Brad Teeter: Pharmaceutical giant GlaxoSmithKline plays significant role in university medical research
The pharmaceutical giant guilty of criminal charges resulting in the largest fraud settlement in U.S. history has manoeuvred itself into a pivotal role in the academic world, funding influential positions at universities throughout Canada and many parts of the world.
GlaxoSmithKline (GSK) LLC will pay $3 billion and plead guilty to promoting two popular drugs for unapproved uses and to failing to disclose important safety information, the U.S. Justice Department said last week. The fine will be the largest ever paid by a drug company.
GSK’s website notes the corporation’s $25-million “Pathfinders Fund for Leaders in Canadian Health Science Research” has helped create 22 university research chairs and professorships at Canadian universities, 12 of which are partnered with the Canadian Institute of Health Research (CIHR).
The corporation and CIHR fund chairs in the faculties of medicine at UBC (HIV/AIDS), the University of Alberta (virology), University of Toronto (pharmaceuticals and drug delivery, respiratory), Toronto Hospital for Sick Children (genetics and genomics), University of Ottawa (diseases of aging), McMaster University (gastroenterology), McGill University (pharmacology), and Laval University (respiratory).
GSK’s heavy involvement in university research fits with the strategy articulated in a 2011 report authored by GSK corporate veterans Cathy J. Tralau-Stewart, Colin A. Wyatt, Dominque E. Kleyn, and Alex Ayad which suggests academia can be a credible front end in the drug-development process, leaving clinical development and sales (profits) to “efficient, focused companies”.
“We contend that pharma and academia need each other to bridge the transitional gap,” says the report. “In partnership with each other and the biotech industry they can form a new 'front end' to the early discovery phase of drug development, delivering new therapeutic entities to focused and efficient companies that can take these through pre-clinical and clinical development to the market.
"On the whole, most universities—and Imperial College London is a prime example—operate in the commercial arena to support their continued survival in the modern environment. These activities are also key to the translation of university-based research innovation to the market.”
In imposing the $3-billion fine, U.S. Attorney Carmin M. Ortiz noted, "GlaxoSmithKline sales force bribed physicians to prescribe GSK products using every imaginable form of high-priced entertainment."
GSK was among the top 10 FBI news stories for the week ending October 29, 2010. The FBI report notes GlaxoSmithKline pleaded guilty and paid $750 million to resolve criminal and civil liability regarding manufacturing in Puerto Rico Plant, a subsidiary of GlaxosmithKline.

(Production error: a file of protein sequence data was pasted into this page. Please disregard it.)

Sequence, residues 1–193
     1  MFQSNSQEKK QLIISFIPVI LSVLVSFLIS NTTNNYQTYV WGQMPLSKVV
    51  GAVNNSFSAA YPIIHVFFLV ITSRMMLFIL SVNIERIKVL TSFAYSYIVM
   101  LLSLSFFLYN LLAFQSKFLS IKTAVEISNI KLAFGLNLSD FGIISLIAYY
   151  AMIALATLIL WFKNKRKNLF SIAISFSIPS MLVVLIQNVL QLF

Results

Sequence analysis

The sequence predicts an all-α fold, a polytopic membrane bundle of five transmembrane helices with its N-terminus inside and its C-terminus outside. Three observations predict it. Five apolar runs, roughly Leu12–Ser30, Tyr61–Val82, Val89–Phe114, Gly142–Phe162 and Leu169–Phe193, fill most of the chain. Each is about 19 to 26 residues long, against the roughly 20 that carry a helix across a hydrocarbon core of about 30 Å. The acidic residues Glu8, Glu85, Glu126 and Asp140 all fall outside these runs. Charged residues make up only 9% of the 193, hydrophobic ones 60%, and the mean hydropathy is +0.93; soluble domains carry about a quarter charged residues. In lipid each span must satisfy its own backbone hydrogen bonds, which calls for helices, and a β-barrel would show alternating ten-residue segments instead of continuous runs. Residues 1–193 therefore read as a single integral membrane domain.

Meanwhile, the drug industry can transform doctors into academic stars, says Dr. Carl Elliott, author of White Coat, Black Hat: Adventures on the Dark Side of Medicine.
"Drug companies may offer physicians authorship on journal articles, make them investigators on clinical trials, promote them in the media and fly them around the country to give lectures and conference presentations," Elliott wrote on the CNN website. "At meetings they get big fancy badges, like generals with their medals, a medical writer told me. Asking these doctors to disclose their corporate perks and payments is like asking a decorated officer to display his honors and awards."
Later in the same piece, Elliott concluded: "Doctors who take money or gifts from a pharmaceutical company are more likely to prescribe that company's drugs, write favorable journal articles about the drugs, give lectures recommending the drugs and suggest adding the drugs to a hospital formulary. That influence does not disappear when the payments are disclosed. To fix that problem, the payments must be eliminated."
But Paul Lucas, GSK President and Chief Executive Officer, believes the credibility of Canadian universities is threatened by a "trust deficit" in the relationship between Canada’s research-based pharmaceutical companies and its universities.
"This has serious and far-reaching implications for medical research in Canada, for the country’s ability to address a growing innovation gap with its peers in the developed world, and for our ability to address the issue of the long-term sustainability of Canada’s healthcare system," Lucas noted in a lecture at the University of Alberta earlier this year.
Lucas cochairs the Coalition for Action on Innovation in Canada and sits on the boards of the Toronto Region Research Alliance, Ontario Genomics Institute, and AllerGen. He's also a member of the Principal’s Advisory Council of the University of Toronto at Mississauga.
Brad Teeter is a Vancouver writer.